I think when referring to the entire group of years that make up an entire decade (and thus indicating plurality), the proper form is 1920s without the apostrophe because you are essentially stating the following: "all the years that make up the decade which begins with the year 1920" when you use this construction.
When trying to indicate that something belongs to a particular decade, you may use the apostrophe to indicate possession. For example, the apostrophe in the phrase "1920's music" would imply that you are referring to music that was composed, published, recorded, or popular during the decade which begins with the year 1920. In this case, the music belongs to the decade.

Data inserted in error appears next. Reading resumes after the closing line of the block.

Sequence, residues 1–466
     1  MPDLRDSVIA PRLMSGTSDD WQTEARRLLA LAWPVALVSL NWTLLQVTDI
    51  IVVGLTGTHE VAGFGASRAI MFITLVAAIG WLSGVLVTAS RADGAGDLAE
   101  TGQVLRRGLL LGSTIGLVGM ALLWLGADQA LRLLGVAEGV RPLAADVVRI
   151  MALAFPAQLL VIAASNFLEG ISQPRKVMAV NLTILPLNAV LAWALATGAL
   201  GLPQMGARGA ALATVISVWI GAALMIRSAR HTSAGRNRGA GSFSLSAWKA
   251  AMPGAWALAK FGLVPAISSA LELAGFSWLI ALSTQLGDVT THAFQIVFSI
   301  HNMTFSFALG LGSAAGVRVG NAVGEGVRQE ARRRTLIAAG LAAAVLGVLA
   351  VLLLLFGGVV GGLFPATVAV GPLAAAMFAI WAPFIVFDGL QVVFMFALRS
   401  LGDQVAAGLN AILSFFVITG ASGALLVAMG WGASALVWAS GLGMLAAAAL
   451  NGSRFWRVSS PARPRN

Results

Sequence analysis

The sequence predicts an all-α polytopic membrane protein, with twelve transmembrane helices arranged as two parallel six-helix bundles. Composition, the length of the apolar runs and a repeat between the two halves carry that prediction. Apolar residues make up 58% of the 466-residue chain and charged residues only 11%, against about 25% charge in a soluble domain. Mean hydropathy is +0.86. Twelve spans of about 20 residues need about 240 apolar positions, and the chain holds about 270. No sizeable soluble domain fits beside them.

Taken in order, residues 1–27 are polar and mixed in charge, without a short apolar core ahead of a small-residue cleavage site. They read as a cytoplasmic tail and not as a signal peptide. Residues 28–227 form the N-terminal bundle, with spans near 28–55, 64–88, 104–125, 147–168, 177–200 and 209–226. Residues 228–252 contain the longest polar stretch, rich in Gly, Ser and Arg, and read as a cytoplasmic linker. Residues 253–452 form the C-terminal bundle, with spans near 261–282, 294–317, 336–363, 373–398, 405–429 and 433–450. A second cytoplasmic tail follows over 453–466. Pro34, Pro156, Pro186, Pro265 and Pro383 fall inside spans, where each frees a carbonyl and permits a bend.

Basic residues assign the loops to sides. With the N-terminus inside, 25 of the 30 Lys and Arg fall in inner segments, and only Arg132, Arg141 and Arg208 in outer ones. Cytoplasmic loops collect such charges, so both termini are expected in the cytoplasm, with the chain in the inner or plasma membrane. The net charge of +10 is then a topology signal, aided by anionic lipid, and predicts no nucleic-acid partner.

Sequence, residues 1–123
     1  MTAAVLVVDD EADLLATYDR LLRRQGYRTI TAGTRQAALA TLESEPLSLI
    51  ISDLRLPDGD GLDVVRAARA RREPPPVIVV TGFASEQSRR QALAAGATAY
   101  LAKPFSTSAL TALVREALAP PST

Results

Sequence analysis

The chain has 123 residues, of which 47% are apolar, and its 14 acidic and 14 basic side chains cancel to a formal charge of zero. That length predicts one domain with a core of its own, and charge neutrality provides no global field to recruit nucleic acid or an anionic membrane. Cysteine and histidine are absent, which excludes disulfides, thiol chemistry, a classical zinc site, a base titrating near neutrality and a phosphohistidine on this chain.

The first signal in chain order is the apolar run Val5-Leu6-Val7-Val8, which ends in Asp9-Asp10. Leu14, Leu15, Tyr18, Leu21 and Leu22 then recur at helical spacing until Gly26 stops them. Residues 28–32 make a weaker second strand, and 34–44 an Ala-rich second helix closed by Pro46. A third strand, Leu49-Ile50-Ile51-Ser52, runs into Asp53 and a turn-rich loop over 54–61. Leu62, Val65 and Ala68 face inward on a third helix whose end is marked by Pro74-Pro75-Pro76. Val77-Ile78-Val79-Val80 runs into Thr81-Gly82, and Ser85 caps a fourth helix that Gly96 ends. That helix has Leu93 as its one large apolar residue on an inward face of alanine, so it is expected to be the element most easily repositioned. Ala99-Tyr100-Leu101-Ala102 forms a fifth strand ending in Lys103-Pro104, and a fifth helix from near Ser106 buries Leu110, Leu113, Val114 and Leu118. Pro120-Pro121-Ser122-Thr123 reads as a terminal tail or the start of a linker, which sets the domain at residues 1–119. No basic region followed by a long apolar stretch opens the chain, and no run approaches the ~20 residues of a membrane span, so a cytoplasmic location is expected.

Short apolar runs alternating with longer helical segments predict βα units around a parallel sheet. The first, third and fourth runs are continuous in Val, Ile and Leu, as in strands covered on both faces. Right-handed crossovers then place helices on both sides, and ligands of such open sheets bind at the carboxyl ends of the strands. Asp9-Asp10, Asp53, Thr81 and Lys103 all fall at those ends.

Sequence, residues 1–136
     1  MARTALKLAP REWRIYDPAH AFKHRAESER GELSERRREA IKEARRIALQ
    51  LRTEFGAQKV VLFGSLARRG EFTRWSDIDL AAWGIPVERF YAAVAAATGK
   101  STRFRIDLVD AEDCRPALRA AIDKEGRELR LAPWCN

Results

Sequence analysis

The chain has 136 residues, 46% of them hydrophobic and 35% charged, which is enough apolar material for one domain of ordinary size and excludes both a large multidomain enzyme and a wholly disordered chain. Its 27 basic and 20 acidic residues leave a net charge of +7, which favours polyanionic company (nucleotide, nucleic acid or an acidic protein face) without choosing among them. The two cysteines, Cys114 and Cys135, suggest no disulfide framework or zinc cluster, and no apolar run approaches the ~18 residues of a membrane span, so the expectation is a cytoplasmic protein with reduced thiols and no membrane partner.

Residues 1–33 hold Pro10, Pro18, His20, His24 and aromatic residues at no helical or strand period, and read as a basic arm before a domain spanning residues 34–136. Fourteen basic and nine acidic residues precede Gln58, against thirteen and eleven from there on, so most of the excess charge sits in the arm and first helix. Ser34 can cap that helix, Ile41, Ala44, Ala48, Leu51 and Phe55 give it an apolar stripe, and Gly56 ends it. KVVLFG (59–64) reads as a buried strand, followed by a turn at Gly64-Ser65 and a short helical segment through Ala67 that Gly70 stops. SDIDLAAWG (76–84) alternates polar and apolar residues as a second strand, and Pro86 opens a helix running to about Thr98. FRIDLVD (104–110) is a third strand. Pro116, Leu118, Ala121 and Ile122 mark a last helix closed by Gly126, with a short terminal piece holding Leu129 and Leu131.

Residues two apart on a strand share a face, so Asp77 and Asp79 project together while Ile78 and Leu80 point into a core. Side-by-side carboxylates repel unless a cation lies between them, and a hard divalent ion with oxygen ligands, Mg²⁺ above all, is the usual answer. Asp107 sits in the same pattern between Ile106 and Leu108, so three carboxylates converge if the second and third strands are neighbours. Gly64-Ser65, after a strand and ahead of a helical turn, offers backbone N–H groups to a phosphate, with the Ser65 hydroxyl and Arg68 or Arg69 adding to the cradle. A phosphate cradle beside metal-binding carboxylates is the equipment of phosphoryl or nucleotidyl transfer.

As others have said previously, the apostrophe is a way to indicate that something in a word is missing. In one case, it may indicate the omission of numbers (ex. '20 instead of 1920). In another case, it indicates the omission of words which may be used to expression possession (ex. 1920's music instead of "music that was recorded in the decade that began with the year 1920). It is never, never, never used to express plurality.